Shrewsbury drinkers warned of River Severn death risk
Drinkers in Shrewsbury are at risk of drowning on their way home from pubs, clubs and bars, surrounded by the River Severn, police have said.
The proximity of the river to the town centre means that whichever way people choose to walk home, they have to cross the river or walk beside it.
West Mercia Police said there had been nine accidental drownings in Shrewsbury out of 23 river deaths since 2004.
Ch Insp Martin Whitelegg said people had a duty to see friends home safely.
He said it was not economically feasible to put barriers along the length of both sides of the river bank, but strategic use could be made of gates to seal off steps leading down to the river at night.
River safety investigation
More work could be done with landlords, taxi firms, and marshalls to raise awareness of river drowning dangers and to help customers get home safely, he added.
Shropshire coroner John Ellery has twice highlighted the problems of accidental river deaths in the county town, when summing up inquest verdicts.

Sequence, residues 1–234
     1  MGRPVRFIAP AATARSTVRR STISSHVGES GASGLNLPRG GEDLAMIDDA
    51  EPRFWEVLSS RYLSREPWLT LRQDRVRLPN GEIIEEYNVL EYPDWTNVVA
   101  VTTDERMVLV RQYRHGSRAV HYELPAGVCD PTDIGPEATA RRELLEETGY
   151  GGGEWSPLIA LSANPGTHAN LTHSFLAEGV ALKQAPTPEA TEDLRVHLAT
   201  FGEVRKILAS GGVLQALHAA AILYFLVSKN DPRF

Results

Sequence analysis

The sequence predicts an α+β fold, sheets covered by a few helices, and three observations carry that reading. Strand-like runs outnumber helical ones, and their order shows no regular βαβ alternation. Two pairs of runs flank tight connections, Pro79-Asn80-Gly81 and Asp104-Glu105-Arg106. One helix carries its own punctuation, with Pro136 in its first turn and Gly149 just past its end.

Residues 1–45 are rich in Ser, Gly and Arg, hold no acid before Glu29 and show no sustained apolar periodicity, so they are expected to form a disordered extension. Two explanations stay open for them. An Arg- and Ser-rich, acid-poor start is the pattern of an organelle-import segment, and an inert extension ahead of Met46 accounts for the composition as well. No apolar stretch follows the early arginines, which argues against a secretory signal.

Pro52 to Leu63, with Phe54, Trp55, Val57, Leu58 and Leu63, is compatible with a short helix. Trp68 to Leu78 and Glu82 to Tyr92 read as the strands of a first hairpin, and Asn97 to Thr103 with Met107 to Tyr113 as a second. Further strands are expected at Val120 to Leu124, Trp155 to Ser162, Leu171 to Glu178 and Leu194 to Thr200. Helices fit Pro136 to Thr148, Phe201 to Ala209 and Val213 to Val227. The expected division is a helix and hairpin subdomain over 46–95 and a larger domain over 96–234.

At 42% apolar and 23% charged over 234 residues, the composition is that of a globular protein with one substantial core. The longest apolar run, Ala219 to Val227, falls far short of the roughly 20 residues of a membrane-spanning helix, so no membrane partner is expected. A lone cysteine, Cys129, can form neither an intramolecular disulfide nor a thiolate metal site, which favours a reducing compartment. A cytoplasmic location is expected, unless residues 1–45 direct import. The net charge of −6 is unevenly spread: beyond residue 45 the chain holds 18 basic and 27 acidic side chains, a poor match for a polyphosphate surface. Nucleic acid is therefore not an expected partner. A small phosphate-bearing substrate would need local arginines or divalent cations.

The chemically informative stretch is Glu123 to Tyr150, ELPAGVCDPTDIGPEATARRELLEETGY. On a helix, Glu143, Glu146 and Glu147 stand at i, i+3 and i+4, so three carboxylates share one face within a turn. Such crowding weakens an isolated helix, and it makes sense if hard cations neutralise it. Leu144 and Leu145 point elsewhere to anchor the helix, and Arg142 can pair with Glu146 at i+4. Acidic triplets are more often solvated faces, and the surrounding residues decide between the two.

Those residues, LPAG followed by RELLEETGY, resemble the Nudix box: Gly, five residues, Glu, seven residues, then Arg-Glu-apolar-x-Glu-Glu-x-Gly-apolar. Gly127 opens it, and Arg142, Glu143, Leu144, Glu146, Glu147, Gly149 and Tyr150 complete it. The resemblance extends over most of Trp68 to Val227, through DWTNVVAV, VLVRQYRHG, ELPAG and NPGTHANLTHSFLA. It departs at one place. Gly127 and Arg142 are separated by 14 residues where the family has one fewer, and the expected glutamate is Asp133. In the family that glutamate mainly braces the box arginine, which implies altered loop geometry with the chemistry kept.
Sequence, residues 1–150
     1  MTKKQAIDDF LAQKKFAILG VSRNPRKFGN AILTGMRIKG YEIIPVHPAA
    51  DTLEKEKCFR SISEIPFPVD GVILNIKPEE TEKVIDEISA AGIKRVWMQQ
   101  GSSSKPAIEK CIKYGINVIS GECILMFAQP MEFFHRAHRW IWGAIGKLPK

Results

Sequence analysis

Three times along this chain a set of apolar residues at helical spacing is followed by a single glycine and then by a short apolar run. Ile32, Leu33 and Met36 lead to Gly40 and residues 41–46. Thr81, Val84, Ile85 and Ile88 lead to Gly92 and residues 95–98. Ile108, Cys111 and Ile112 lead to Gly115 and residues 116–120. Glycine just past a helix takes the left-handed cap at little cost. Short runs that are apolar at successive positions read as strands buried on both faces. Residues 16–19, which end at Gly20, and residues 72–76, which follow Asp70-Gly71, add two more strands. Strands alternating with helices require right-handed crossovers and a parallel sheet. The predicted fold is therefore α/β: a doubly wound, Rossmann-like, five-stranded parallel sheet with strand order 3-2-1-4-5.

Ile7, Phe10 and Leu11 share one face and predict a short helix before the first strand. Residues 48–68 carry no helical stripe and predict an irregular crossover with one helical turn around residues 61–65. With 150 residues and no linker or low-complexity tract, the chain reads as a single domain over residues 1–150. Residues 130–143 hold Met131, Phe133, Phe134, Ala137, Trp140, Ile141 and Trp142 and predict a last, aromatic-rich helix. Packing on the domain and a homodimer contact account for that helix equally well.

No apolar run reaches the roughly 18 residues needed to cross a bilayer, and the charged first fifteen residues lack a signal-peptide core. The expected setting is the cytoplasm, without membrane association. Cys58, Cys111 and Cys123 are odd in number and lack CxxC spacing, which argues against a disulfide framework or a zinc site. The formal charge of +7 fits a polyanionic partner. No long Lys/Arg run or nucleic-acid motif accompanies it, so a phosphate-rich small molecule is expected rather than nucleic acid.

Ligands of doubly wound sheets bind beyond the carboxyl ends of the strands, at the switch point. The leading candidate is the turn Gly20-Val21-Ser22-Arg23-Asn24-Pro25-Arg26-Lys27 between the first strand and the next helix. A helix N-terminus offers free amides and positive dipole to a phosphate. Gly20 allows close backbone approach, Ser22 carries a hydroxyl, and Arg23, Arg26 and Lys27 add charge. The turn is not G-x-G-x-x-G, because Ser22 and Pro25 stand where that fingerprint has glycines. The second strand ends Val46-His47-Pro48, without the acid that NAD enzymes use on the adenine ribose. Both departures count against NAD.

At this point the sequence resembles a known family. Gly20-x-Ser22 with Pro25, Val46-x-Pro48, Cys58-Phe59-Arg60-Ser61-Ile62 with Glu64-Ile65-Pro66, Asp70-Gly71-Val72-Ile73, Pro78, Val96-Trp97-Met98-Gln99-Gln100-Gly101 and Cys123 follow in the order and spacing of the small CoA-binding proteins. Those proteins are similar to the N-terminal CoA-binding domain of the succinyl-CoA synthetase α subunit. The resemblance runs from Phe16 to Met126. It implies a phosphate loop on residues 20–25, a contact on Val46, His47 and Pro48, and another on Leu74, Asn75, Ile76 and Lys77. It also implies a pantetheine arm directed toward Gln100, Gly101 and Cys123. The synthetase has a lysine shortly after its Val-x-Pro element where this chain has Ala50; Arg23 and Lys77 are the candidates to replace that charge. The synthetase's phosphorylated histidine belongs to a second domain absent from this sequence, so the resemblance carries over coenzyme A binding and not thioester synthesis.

After the inquest last week of Hayden Reynolds-Evans, 18, from Shrewsbury, whose body was found in the River Severn in March, Mr Ellery said he would write to Shropshire Council asking it to investigate river safety.
In the past six years there have been 94 cases of people falling into the water in Shrewsbury, which resulted in 23 deaths, of which nine were accidental.
Shropshire Council and the police force is consulting the City of York Council, which has similar issues with its night-time economy being situated close to the River Ouse and River Foss.
In York there have been two river deaths per year on average in the past six years, which includes suicide attempts.
Jim Brean, emergency planning co-ordinator for the City of York Council said: "The problem here is not as severe as in Shrewsbury but there are certain common denominators to the accidental deaths, they are usually males in their late teens to mid 30s and invariably alcohol is involved."
He said railings were impractical along the whole river's length and more work needed to be done to identify if there was a common point where people fell into the river, to target safety measures.